By Colton Corter
It is not uncommon to hear a brother or sister tell their testimony much like this “Well, I received Christ when I was nine but I really didn’t live it out until I got out of high school.” The words may not look quite like that but the sentiment is often the same. First, we must give thanks to God. It is nothing short of a miracle that a depraved human might turn from their sins and trust in the sufficient work of Christ for salvation. But it is necessary to point out that such a formulation of conversion is very unhelpful, unbiblical even. The call of the gospel is clear: repent and believe. Trust in the obedience of Christ and turn from the fleeting pleasures of sin to Christ, who is far better.
“But wait!” one might object. Is not salvation by faith alone? Indeed it is. We are not saved by works done in righteousness but by a righteousness that is not our own. The life, death, resurrection and ascension of Christ ground our hope before God the Father. This is not to say, however, that we can claim to trust in Christ and stay in our sin. The Bible holds out no assurance of salvation to those who are still in their sins. Think of saving faith and repentance as two sides of the same coin. Both are gifts of God (Eph. 2:8-9; 2 Tim. 2:25). Both are absolutely necessary to be saved. The book of Acts shows the Apostles declaring that repentance is a must, sometimes even only implying faith instead of differentiating the two. We are called to turn away from something when we turn to Jesus. After all, we cannot serve two masters (Matt. 6:24).
Mark Dever once told a story of a person he met after a service at his church in Washington D.C. The man’s sister asked Dr. Dever to meet him and he gladly accepted. Dever found the man drunk and sitting in a car out in the parking lot. The man claimed to be a Christian but showed no sign of it. He took the man to the book of Galatians. Paul’s letter to the Galatians may be the clearest defense of justification by faith alone in the entire Bible. But as the Reformers so famously put it, “We are justified by faith alone, but the faith that justifies is never alone.” We are in Christ by faith, apart from works. Being joined to Christ comes with the gift of the Holy Spirit. The Spirit begins to work in us to will and work for His good pleasure (Heb. 13:21). Formerly, we were in the flesh. Those in the flesh (the unsaved) have lives characterized by what Paul calls the works of the flesh. Paul writes:
 Now the works of the flesh are evident: sexual immorality, impurity, sensuality,  idolatry, sorcery, enmity, strife, jealousy, fits of anger, rivalries, dissensions, divisions,  envy, drunkenness, orgies, and things like these. I warn you, as I warned you before, that those who do such things will not inherit the kingdom of God (Galatians 5:19-21, ESV).
Dr. Dever had the man read this passage. He asked him if his life looked more like this one or the one that follows it in verses 22 and 23:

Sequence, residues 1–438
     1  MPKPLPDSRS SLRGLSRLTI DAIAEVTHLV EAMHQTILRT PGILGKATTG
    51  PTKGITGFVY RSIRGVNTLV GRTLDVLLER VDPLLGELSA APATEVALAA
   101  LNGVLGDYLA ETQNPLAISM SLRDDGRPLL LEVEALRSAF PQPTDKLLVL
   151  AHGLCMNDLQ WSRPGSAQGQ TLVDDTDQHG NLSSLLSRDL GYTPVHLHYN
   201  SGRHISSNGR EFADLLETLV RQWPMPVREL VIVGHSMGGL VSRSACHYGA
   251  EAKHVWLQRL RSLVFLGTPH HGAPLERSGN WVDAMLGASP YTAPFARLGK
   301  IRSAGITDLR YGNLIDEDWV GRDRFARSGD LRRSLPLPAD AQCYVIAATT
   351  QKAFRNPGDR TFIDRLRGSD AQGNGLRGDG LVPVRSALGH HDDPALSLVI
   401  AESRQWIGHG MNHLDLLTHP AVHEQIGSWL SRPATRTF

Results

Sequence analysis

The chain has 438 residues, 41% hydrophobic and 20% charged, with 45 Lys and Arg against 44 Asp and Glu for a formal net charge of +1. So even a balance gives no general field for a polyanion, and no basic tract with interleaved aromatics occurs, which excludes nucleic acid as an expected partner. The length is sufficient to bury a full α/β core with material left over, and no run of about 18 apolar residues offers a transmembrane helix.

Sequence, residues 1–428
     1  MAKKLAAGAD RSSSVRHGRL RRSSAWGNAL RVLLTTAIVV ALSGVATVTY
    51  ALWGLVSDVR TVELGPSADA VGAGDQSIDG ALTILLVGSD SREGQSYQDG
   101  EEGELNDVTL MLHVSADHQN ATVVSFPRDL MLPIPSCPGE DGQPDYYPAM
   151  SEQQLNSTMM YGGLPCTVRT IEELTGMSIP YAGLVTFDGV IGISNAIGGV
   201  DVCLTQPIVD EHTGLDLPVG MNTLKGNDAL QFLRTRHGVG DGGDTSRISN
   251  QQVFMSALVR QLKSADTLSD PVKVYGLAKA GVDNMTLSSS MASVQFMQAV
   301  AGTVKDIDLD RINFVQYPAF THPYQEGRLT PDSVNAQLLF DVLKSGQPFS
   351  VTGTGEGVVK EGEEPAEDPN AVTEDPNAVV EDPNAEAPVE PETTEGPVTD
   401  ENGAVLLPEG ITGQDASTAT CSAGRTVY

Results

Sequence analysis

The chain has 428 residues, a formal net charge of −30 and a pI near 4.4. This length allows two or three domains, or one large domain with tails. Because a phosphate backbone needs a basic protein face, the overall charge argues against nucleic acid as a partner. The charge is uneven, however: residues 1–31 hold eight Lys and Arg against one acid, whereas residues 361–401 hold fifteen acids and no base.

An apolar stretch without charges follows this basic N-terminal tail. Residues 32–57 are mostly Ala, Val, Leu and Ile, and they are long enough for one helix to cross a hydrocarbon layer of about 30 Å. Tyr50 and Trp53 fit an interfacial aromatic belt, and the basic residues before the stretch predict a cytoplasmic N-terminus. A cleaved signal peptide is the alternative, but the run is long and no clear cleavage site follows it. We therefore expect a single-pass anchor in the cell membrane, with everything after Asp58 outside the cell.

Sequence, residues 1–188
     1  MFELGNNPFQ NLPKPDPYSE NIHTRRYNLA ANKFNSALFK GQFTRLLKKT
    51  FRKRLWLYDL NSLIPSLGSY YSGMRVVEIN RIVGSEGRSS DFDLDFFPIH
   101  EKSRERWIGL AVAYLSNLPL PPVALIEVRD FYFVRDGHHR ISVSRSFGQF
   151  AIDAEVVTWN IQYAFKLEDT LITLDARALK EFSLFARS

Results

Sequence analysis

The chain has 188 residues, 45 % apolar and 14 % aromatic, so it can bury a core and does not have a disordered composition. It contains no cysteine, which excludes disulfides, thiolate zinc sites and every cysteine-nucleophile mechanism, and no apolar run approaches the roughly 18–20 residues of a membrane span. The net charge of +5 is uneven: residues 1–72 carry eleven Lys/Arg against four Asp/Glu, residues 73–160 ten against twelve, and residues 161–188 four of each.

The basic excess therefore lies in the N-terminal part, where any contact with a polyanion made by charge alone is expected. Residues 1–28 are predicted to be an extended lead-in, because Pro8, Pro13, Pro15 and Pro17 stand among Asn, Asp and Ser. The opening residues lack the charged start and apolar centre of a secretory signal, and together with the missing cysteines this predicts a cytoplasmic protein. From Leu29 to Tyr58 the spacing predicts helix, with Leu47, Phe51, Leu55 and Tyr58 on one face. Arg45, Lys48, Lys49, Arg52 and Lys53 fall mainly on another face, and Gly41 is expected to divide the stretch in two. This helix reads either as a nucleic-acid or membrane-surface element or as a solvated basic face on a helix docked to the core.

But the fruit of the Spirit is love, joy, peace, patience, kindness, goodness, faithfulness,  gentleness, self-control; against such things there is no law. (Galatians 5:22-23 ESV)
The man had to admit that his life looked more like the former rather than the latter. That man was not a Christian. Paul is clear as day when he says that no one who persists in these things will inherit the kingdom of heaven. No matter how many times you have prayed a prayer or walked an aisle. True faith is never alone.
That was precisely the point Jesus was trying to get across in Matthew 7. He uses the metaphor of a tree and its fruit. Many who thought they were good were only good in an external sense. They observed religious rituals and went to the temple with everyone else, not unlike many churchgoers today. But sadly just like many “churchgoers” their lives displayed no evidence of transformation. Jesus told them that a good tree bears good fruit and a bad tree bears bad fruit. Jesus is not saying that good trees are made good by their fruit. Only the sovereign grace of God makes a bad tree into a good tree. But if that tree is good then it will always bear good fruit. The question is not if we have borne enough fruit. We will always be repentant sinners. The question is, “Is their fruit present and is it growing?”
Only the gospel of Christ brings peace with God (Rom. 5:2). But we cannot claim to have peace with God and peace with sin at the same time. When we are saved, it is because God gives us a new heart; new affections and appetites. We long to be godly and we hate sin. Do you hate sin? Do you give your all, however well you are doing, to fight sin and to enjoy Christ? If not, you are not a Christian. But the answer is not to try harder, bear more fruit. It is to repent and be united by faith to the vinedresser, to build our lives on the sure foundation of Christ. Our works will evidence that faith. Our trust in Christ as Savior cannot be separated from Christ our Lord and our supreme treasure. There is always more joy in Christ than there is in sin. Repent and believe, taste and see that God alone satisfies.
Colton Corter is a graduate student at the Southern Baptist Theological Seminary in Louisville, Kentucky. You can follow him on Twitter @coltonMcorter